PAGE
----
Guinea launched a new infectious disease centre Friday designed to safeguard the west African nation against a new resurgence in the Ebola virus, almost three years after the epidemic broke out.
Ebola’s “patient zero”, a two-year-old boy living in the forests of southern Guinea, fell ill in December 2013 potentially after contact with a fruit bat, scientists believe.
The new French-funded Institut Pasteur in Conakry will conduct research, train scientists and test for some of the world’s deadliest diseases, including Lassa fever, yellow fever and Rift Valley fever, all of which threaten Guinea’s population.
Guinea lacked the resources to combat Ebola as it ravaged the country until all active cases were declared over five months ago, including the means of testing the virus quickly to stop its spread.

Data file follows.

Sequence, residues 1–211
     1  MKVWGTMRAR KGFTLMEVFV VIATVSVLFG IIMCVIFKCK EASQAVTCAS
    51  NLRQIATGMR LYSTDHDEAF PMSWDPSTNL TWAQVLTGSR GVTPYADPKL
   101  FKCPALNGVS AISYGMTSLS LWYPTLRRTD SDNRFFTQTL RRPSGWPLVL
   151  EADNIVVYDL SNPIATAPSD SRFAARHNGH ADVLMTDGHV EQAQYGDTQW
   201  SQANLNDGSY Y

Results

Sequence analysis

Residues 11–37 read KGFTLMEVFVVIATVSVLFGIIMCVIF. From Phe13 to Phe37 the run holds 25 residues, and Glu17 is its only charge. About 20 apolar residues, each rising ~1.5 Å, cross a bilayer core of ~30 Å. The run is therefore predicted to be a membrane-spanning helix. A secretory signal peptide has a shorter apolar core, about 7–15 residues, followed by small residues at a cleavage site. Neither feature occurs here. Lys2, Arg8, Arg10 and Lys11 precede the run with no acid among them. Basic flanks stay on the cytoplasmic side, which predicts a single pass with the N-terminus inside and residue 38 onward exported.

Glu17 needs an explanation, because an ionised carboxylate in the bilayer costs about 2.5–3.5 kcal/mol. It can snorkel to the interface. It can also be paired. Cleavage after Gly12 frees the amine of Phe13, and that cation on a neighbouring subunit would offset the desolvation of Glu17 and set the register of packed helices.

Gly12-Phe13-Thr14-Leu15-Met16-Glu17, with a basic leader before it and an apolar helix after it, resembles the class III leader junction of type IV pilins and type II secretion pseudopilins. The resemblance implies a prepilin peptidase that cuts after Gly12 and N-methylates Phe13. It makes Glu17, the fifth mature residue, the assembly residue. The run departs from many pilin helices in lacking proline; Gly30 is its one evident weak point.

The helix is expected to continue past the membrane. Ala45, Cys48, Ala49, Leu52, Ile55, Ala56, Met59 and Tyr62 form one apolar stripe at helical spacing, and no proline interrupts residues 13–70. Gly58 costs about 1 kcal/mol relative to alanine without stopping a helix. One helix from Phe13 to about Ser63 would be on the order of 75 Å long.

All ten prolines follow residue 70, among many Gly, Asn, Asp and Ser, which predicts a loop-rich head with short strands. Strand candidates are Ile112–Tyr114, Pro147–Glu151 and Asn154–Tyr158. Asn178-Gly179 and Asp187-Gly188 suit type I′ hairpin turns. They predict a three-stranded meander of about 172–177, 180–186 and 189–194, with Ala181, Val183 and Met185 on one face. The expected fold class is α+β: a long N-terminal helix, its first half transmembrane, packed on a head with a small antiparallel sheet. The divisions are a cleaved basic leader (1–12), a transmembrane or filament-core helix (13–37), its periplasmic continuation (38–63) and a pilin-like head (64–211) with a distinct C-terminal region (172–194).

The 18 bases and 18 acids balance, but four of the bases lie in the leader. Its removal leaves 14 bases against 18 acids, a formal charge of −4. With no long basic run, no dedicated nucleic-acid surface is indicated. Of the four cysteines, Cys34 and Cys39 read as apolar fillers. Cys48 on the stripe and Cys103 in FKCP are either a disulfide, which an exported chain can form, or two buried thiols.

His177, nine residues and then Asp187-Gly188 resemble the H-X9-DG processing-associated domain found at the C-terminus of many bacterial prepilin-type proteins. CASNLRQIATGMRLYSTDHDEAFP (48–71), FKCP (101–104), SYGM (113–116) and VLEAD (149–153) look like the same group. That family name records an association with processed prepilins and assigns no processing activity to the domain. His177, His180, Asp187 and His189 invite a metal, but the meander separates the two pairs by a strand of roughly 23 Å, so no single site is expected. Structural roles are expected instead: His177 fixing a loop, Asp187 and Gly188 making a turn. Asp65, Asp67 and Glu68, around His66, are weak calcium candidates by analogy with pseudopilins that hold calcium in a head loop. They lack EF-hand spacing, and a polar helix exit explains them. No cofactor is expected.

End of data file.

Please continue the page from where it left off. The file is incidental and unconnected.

Since then France in particular has poured money into ensuring Guinea, a former French colony, has adequate means to tackle deadly haemorrhagic fevers such as Ebola.
At a ceremony in Conakry, French foreign minister Jean-Marc Ayrault called the future centre a “symbol of solidarity”, following President Francois Hollande’s visit at the height of the epidemic in 2014.
It will begin operations in early 2017 but works to complete all the facilities are expected to take two years.
According to experts, 75 percent of infection diseases that affect humans originate from animal contact or animal products we consume.
The single case of the boy in the Guinean village went on to infect 28,000 people and kill more than 11,000, according to World Health Organization figures.